The advice I always give is to make sure you build a portfolio. No matter what your skillset is, in the startup world of execution-is-everything, you need to be able to show what you can do, not just have a resume that talks about how long you spent contributing to this and that. Doing discrete, finite projects is so valuable; it helps you hone and grow your skills, it demonstrates your passion for using them, and it gives you multiple opportunities to show not just what you know how to do, but what you can accomplish. If your day-to-day work doesn’t provide enough different projects to build a portfolio from, then participate in hackathons, do sideprojects, or compete in Kaggle competitions.

The other thing you should do is participate in the community. Whether it’s working on things with people, going to the same meetup and getting to know the crowd there, or volunteering at events. If you can build a network of people connected to the startup community, and you have some skills, and you’ve put some kind of intent out in public view (e.g. “I’m looking for data science projects I can contribute to, or a role using those skills.”), then opportunities will come to you.

How about advice on finding a startup that is right for them? 
The first thing is to just understand where you fall on some different criteria about yourself. What’s your risk tolerance? Are you mission-driven or experience-driven? What do you want out of the job? Use these to understand what kind of criteria for the startups you should be starting your search with. Early-stage or VC-funded? By industry or by whoever has a role that needs your skills?

If what you want out of the job is either of two particular things — a chance for large financial upside, or a chance to go from an individual contributor into a manager / team leader very rapidly — then I’d emphasize that a huge amount of startup “jobs” are never advertised or listed (and I mean anywhere, even the startup’s site) to begin with. The first people in the doors are always people the initial team knows or that come recommended to them when they express a need. So again, participating in the community and building your network will give you opportunities to join startups that otherwise would be completely unavailable to you.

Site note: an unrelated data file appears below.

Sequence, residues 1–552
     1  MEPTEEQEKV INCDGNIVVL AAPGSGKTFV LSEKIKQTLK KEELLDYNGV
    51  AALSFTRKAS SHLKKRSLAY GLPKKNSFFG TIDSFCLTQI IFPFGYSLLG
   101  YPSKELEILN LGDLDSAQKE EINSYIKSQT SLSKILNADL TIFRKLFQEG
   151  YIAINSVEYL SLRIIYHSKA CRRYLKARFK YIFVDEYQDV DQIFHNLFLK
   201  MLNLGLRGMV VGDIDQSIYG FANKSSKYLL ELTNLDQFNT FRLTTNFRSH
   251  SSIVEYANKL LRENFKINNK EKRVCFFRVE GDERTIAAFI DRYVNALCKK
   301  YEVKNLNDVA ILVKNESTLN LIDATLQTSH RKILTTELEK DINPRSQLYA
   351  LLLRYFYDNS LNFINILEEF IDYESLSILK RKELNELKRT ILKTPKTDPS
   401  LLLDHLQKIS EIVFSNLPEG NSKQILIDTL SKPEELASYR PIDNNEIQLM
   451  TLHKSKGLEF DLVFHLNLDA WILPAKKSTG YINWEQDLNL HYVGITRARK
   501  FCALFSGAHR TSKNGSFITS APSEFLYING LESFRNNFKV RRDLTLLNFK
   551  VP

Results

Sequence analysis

People are everything. Remember, most startups fail. Regardless of how great the concept is, there are so many things that can go wrong. The market can change, a juggernaut can enter your space, the founders can fall out… so you want to think about any startup as a step in your journey. The skill growth is invaluable, the resume / portfolio addition can be great, but the connections you make have the potential to last long past anything else from the job. They’re also what will most define your daily experience for as long as you’re there, more than the work itself even. So first and foremost, choose based on the people. Can you communicate well with them, are they people you want to spend a lot of time working intensely with, does the culture they’re building suit you? And remember, they’re asking the same the things about you.


If you’re looking at startup jobs, you can find them on Boston Startups Guide, where you can filter by hiring startups or by industry. Boston Startup Guides is always adding new and interesting startups, and you can follow those updates on Twitter.